Tag Archives: Fales

Interdisciplinary Workshop on Ethical Considerations in Project Art and Collaborative Anthropologies: November 11

Please join artist Ben Kinmont and former Draper Program Art Worlds Faculty Fellow Laurel George at NYU’s Fales Library on November 11, 2011 for an Interdisciplinary Workshop on Ethical Considerations in Project Art and Collaborative Anthropologies
In conjunction with his current Fales Library show “Prospectus: New York,” Ben Kinmont, along with cultural anthropologist Laurel George, will conduct a workshop on ethical considerations in interactional art practices, a mode that Kinmont has been working in for over two decades.
During the workshop, Kinmont and George will work with faculty and students to generate cross-disciplinary conversations on the ethics and aesthetics of project art, ethnographic fieldwork, and other forms of collaborative cultural production. The version of the text written at the workshop will be distributed and discussed at a larger public forum to take place on November 18th as part of Performa 2011.
The workshop is open to NYU students and faculty interested in thinking critically and creatively about the ethical dimensions of making collaborative and/or public art works as well as those engaged in anthropological fieldwork.
When and Where:
The day-long workshop will take place at Fales Library (Bobst 3rd floor) on Friday, November 11 from 10-4 p.m.
There will be brief reading and writing assignments and students will have the opportunity to be involved in the Performa event, but that is not a requirement of workshop participation.
How to get involved:
For more information or to sign up, contact Laurel George at lbg2@nyu.edu.
To read the press release for Prospectus: New York, follow this link:
This workshop is possible due to the support of Kunstverein, New York, and the Fales Library.

The NYC Rare Book & Manuscript Workshop

Free Events, Limited Space: RSVP!

Spring 2011 Schedule

The NYC Rare Book and Manuscript Workshop is a multi-institutional, hands-on workshop that provides students with a rare opportunity to learn about the collections at libraries and institutions throughout the New York area, and to meet with nationally recognized curators and librarians. Students can attend individual sessions or the entire series. The workshop is free of charge, but space is extremely limited and reservations will be required. To sign up, email nyrarebook@gmail.com. Further details about signing up for these events can be found below.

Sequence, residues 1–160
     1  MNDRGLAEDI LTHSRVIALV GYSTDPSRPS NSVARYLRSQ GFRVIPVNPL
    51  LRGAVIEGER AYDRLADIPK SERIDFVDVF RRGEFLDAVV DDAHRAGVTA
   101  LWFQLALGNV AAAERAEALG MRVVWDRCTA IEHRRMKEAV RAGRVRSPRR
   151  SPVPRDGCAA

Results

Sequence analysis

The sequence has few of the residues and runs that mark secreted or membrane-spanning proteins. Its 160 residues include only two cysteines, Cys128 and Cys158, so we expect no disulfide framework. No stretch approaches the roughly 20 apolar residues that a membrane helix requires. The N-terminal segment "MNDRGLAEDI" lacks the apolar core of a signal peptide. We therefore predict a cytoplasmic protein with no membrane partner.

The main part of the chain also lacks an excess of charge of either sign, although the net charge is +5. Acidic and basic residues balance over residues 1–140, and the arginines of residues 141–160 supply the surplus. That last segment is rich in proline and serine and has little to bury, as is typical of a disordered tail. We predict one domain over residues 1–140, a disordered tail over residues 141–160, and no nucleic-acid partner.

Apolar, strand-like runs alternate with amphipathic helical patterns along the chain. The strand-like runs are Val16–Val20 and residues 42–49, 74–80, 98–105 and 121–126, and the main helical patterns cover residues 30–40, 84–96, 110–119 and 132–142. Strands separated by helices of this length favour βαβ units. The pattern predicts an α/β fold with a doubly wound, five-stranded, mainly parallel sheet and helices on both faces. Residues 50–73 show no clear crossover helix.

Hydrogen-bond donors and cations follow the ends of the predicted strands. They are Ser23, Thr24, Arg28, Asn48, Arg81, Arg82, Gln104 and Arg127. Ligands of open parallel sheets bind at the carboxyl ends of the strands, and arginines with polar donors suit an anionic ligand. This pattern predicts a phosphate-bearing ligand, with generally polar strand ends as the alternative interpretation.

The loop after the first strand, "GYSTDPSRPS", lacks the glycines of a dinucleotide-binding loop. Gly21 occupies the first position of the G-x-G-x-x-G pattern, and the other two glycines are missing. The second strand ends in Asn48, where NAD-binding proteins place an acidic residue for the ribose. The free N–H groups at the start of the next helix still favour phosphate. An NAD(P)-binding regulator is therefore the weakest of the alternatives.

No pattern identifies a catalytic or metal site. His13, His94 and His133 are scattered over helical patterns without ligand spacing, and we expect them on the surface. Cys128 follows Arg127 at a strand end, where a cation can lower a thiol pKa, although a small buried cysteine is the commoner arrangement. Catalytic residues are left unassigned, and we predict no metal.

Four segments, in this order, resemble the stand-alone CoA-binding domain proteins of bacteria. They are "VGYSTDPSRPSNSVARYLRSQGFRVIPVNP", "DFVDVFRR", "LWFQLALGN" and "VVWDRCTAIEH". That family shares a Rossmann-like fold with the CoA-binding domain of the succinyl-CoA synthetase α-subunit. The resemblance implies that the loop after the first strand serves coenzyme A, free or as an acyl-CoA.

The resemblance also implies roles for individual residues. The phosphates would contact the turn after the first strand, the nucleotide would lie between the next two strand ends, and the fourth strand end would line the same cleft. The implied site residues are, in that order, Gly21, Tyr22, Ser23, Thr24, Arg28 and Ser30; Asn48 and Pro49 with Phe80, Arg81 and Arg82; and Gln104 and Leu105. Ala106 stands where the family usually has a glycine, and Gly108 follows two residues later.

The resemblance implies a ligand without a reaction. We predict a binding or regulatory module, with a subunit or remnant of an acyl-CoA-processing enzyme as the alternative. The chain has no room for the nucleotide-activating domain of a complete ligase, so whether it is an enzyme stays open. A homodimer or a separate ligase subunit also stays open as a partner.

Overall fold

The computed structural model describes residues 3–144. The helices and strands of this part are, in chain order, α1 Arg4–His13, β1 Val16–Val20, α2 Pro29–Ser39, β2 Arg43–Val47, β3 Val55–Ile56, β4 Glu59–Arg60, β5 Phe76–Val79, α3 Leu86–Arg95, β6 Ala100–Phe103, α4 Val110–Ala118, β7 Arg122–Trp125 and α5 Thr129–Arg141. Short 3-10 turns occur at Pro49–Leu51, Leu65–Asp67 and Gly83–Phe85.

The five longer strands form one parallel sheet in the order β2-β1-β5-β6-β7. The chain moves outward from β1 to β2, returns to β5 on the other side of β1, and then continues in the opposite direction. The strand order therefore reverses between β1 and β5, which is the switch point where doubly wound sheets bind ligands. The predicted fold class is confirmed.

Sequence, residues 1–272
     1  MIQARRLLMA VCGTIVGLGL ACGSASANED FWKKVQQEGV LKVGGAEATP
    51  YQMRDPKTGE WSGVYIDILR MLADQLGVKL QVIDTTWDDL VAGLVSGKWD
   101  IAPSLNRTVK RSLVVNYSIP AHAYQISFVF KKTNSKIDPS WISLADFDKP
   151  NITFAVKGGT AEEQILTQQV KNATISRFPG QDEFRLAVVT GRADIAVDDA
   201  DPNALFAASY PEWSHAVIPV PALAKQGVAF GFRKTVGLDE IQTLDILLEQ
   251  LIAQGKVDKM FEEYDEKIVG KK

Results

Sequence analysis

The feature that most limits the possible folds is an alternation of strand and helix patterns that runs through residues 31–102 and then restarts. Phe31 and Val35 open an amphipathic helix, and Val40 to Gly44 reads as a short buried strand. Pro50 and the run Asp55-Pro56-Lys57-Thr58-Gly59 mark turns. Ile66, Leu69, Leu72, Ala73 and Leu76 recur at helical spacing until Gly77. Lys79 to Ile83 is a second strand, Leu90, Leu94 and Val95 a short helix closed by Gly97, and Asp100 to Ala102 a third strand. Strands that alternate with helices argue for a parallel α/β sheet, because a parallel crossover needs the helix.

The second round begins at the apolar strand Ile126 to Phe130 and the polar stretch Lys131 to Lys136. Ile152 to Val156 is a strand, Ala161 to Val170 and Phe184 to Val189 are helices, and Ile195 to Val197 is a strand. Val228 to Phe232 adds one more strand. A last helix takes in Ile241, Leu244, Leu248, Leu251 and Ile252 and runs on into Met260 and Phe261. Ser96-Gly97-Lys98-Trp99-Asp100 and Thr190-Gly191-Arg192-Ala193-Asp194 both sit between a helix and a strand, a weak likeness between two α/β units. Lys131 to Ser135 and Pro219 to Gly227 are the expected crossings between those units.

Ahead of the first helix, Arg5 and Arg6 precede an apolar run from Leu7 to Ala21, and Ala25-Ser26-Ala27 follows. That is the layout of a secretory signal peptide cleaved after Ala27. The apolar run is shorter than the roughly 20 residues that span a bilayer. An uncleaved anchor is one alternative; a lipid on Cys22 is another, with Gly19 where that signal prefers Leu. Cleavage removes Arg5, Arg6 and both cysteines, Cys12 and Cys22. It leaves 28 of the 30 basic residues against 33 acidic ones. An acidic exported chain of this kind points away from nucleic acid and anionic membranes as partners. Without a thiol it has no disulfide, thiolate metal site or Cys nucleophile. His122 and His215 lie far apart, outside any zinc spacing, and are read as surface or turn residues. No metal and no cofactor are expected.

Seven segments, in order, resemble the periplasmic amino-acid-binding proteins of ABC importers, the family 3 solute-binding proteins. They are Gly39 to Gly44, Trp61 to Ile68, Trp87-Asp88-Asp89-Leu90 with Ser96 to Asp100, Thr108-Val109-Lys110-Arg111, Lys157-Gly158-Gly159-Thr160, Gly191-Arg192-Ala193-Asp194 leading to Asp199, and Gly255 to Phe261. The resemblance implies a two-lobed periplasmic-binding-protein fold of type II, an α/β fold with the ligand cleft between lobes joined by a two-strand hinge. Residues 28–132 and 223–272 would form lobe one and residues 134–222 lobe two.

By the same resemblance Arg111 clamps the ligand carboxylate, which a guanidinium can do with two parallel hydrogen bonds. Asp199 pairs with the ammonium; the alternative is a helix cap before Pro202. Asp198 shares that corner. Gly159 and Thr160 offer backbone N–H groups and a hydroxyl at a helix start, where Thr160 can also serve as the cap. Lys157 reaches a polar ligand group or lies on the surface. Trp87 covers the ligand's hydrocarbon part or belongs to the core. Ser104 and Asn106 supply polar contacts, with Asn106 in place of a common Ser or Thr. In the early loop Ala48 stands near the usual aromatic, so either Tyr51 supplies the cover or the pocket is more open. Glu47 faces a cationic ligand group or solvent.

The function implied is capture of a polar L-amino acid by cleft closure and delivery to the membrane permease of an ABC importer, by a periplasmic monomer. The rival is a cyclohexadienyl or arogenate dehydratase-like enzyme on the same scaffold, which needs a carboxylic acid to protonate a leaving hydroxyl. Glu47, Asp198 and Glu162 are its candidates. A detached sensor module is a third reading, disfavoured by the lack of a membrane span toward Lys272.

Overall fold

Session 7: February 21, 2010, 4-6pm, at NYPL

Isaac Gewirtz, Curator, Berg Collection, NYPL

Modern Literary Manuscripts Workshop

Isaac Gewirtz will lead a session on Modern Literary Manuscripts, drawing on examples fromthe

Berg Collection, to instruct students in understanding the inception and evolution of literary texts from their earliest manifestations in author correspondence, diaries, and notebooks, through rough drafts, typescripts, galleys, and various printed editions. Authors included will be Virginia Woolf, TS Eliot, Jack Kerouac, and Saul Bellow.

Session 8: February 28, 2011, 4-6pm, at the Morgan Library

Declan Kiely, Robert H. Taylor Curator & Clara Drummond, Assistant Curator, Morgan Library

Using Modern Literary Archives

Declan Kiely & Clara Drummond will conduct a session on using manuscripts and letters by modern writers, instructing students on the arrangement and description of archival collections and effective methods of archival research. The focus of this session will be the Morgan Library’s PARIS REVIEW ARCHIVE, which contains correspondence, manuscripts and typescripts (interviews, fiction, and poetry), revised galley and page proofs, photographs, and audio recordings. The Archive also includes records relating to editorial, production, and business matters, and other records of the international literary journal from its founding in 1953 through 2003. The Archive documents author submissions, the collaboration between interviewer and interviewee that lies behind the journal’s renowned Art of Fiction/Art of Poetry interviews, and the decisions made in producing each issue, as well as the careers of its staff and many of the most important twentieth-century writers and artists who contributed to the Paris Review.

Session 9: March 14, 2011, 4:00-6:00pm, Fales Special Collections Library, NYU

Marvin J. Taylor, Director, Fales Library and Special Collection and founding curator of the

Downtown New York Collection at New York University

“Who’s Scene Is It, Anyway?”: Curators, Scholars, and the Fields of Cultural Production.